Tips for Writing Better Reference Letters

Some seasons seem to come around more often than others: many of us are presently writing reference letters—again. It is important to acknowledge the significant impact that this routine exercise has on our students and colleagues.

SWEC, FAUW’s Status of Women and Equity Committee, would like to remind each faculty member how easy it is for unconscious gender bias to slip into our reference letters. They have provided some resources to help us all write professional reference letters that reflect on women’s capacities in an equitable way.

The University of Arizona’s Commission on the Status of Women has a very handy one-pager on “common traps based on unconscious gender bias (PDF) ,” including:

  • Letters for reference for men are more likely to emphasize accomplishments while letters for women are 50% more likely to include adjectives that describe effort. 
  • On average, letters for men are 16% longer than letters for women. 
  • Letters of reference for women are 7x more likely to mention personal life—something that is almost always irrelevant for the application. 

The federal government’s Canada Research Chairs online resources include background research as well as tips for limiting unconscious bias, such as:

  • Use the nominee’s formal title and surname instead of their first name. 
  • Consider whether your letter unintentionally includes doubt-raising, negative or unexplained statements (e.g., ‘might make an excellent leader’ versus ‘is an established leader’).

    OCUFA’s Ontario Budget Recommendations Released

    OCUFA’s 2017 pre-budget submission, which sets out OCUFA’s priorities for the Ontario Budget (PDF), is now available.

    OCUFA’s recommendations include:

    • Increasing per-student funding for Ontario’s universities to match the average for the rest of Canada;
    • Making a commitment to supporting faculty renewal, including full-time faculty hiring that brings Ontario’s student-faculty ratio in line with the rest of Canada and replacing retiring faculty with tenure-stream positions;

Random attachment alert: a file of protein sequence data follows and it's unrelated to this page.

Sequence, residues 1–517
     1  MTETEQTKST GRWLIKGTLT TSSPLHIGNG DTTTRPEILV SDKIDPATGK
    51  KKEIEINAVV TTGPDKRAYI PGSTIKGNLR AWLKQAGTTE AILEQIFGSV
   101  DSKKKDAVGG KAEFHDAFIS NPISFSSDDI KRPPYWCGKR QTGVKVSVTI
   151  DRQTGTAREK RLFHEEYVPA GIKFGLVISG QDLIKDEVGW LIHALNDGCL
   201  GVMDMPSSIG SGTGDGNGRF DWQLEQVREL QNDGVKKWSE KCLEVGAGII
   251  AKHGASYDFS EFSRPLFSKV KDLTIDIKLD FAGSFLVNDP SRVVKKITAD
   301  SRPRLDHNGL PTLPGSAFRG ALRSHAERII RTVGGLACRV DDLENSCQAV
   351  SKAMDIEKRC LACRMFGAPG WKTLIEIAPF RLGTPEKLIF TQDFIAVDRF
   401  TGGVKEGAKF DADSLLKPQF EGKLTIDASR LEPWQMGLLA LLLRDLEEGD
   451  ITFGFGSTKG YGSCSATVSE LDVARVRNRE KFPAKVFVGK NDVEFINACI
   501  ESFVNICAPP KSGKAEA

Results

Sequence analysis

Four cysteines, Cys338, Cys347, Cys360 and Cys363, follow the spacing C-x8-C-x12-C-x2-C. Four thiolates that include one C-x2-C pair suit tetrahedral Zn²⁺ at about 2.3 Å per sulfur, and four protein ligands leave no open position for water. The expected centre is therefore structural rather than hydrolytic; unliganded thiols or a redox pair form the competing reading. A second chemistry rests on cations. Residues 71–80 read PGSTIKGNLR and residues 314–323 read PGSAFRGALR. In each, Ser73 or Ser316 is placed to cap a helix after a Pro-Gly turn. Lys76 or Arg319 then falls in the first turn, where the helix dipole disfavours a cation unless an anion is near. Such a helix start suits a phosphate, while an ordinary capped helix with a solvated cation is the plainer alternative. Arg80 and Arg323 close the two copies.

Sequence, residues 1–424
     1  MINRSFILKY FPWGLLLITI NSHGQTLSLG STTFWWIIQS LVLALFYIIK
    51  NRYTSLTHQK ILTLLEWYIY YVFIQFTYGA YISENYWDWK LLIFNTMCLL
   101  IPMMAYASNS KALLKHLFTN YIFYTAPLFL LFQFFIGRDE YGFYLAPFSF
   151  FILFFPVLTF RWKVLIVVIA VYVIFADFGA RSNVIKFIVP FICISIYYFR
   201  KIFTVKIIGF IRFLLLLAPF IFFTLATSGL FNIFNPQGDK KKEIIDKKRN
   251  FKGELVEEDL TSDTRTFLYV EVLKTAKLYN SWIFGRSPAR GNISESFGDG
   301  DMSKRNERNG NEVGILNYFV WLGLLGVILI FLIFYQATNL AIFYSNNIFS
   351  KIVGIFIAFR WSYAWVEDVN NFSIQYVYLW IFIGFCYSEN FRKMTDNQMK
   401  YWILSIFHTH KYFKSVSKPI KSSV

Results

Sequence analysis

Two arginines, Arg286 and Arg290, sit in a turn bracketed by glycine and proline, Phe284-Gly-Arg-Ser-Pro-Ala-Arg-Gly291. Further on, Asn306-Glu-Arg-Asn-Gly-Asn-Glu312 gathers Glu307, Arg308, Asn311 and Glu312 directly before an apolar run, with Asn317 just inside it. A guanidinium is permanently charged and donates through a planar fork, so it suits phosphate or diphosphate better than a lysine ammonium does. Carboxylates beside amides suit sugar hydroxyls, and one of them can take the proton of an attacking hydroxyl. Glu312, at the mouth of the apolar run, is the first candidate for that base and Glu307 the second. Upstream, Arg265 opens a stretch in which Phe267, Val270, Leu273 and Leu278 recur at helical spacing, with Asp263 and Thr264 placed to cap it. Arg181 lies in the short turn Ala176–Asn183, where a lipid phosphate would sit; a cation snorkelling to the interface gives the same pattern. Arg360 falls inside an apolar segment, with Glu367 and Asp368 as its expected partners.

• Ensuring fairness for contract faculty by strengthening employment and labour laws;
    • Rejecting the use of punitive performance-based funding in the renewed university funding model; and
    • Establishing a new higher education data agency to collect, analyze, and disseminate key information on Ontario’s universities.
    • Providing greater clarity about criteria for solvency exemption to support the success of a multiemployer jointly sponsored pension plan (JSPP) for the university sector.

    OCUFA President Judy Bates presented these recommendations to the Ministry of Finance on January 9 and to the Standing Committee on Finance and Economic Affairs on January 19.

    Source: OCUFA.

    Response to CEPT Draft Report from Psychology Faculty Members

    Update February 9, 2017: The Course Evaluation Project Team is reviewing all of the feedback they’ve received. When that process is complete, they will submit something to Senate to move forward. So the next opportunity for you to engage with this issue is talking to a member of Senate.

    The Course Evaluation Project Team (CEPT) was formed in May 2014 to “explore the potential for a new course evaluation model that is informed by best practices and meets the needs of students, faculty, staff and administrators.”

    The team released a draft report on November 8, 2016, including a proposed course evaluation tool, and requested feedback from the University community. Members of the Department of Psychology have asked us to share their detailed response to the report here.